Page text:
Japan needs to keep looking outward
and realize proactive pacifism

February 10, 2016

Yasushi Akashi
Chairman, International House of Japan, former United Nations Undersecretary-General

2016 marks the 60th year since Japan joined the United Nations. Of importance is Japan's attitude toward bilateral diplomacy, including relations with China, South Korea, the United States and other countries, as well as toward global affairs. Prime Minister Shinzo Abe talks about "proactive pacifism" and the security bills passed last year will come into effect this year. But with the Upper House election approaching, I worry that the administration may discard the proactive approach it took to pass the security bills and revert back to a domestic-oriented approach to matters.

For example, with regard to the issue of dispatching the Self-Defense Forces on rescue missions during peacekeeping operations, there is growing concern that the SDF will be at risk. But if Japan cannot maintain a proactive global attitude, it is unlikely that it will achieve the U.N. Security Council reform that it has long sought. Chinese President Xi Jinping declared that his country is willing to dispatch 3,000 Chinese soldiers constantly for U.N. peacekeeping operations. Japan has barely managed to send 300 SDF personnel to Southern Sudan and may even be forced to cut back or completely withdraw its forces if the situation there worsens. Such being the case, 2016 may turn into a year when Japan's commitment to implementing proactive pacifism will be scrutinized.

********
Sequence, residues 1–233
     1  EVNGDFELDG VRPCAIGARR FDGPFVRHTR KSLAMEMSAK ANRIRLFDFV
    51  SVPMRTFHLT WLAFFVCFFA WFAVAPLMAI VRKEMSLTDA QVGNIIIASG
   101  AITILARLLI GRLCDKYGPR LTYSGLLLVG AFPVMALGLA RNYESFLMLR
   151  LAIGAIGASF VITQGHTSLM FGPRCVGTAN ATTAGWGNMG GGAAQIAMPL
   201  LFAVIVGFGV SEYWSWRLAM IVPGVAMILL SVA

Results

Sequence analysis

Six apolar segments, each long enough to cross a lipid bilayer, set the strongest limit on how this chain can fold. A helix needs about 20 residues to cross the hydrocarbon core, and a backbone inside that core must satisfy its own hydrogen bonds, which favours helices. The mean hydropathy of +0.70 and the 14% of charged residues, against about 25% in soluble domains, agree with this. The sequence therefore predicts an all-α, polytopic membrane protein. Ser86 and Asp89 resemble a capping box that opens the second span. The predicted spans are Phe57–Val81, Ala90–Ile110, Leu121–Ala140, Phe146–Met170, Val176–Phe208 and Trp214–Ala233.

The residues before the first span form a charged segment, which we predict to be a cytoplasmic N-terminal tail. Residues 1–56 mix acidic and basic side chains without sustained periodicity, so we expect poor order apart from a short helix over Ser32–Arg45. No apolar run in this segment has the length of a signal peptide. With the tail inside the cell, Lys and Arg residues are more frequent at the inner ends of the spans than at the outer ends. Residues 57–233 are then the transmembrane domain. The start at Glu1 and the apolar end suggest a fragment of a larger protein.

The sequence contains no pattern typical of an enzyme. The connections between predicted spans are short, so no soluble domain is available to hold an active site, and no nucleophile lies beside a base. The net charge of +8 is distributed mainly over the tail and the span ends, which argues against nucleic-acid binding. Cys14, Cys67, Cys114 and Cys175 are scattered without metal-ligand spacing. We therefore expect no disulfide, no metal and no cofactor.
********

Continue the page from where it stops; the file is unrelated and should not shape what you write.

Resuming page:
Ideological conflict between left-wingers and right-wingers will likely intensify in Japan. Meanwhile, European solidarity against the Islamic State militants and terrorism appears to be waning, and in the United States, the administration of President Barack Obama, while touting the success of airstrikes, remains reluctant to put American boots on the ground to fight the militants. The world is embroiled in chaos, domestically and internationally.

What Japan needs most now is to take the middle road, neither leaning to the left nor to the right. What is missing in this age of over-information is proper analysis. It will become increasingly important for Japan to see its middle class and prudent people in general speak out, and make that the foundation of the country's democracy.

⇒ Yasushi Akashi
Chairman, International House of Japan, former United Nations Undersecretary-General

⇒ Yasuchika Hasegawa
Chairman of the Board, Takeda Pharmaceutical Company Ltd.

⇒ Hiroya Masuda
Advisor, Nomura Research Institute, former Minister of Internal Affairs and Communications

⇒ Yuji Miyamoto
Chairman, Miyamoto Institute of Asian Research, former Ambassador to the People's Republic of China

⇒ Akihiko Tanaka
Professor of International Politics at the Institute for Advanced Studies on Asia, University of Tokyo

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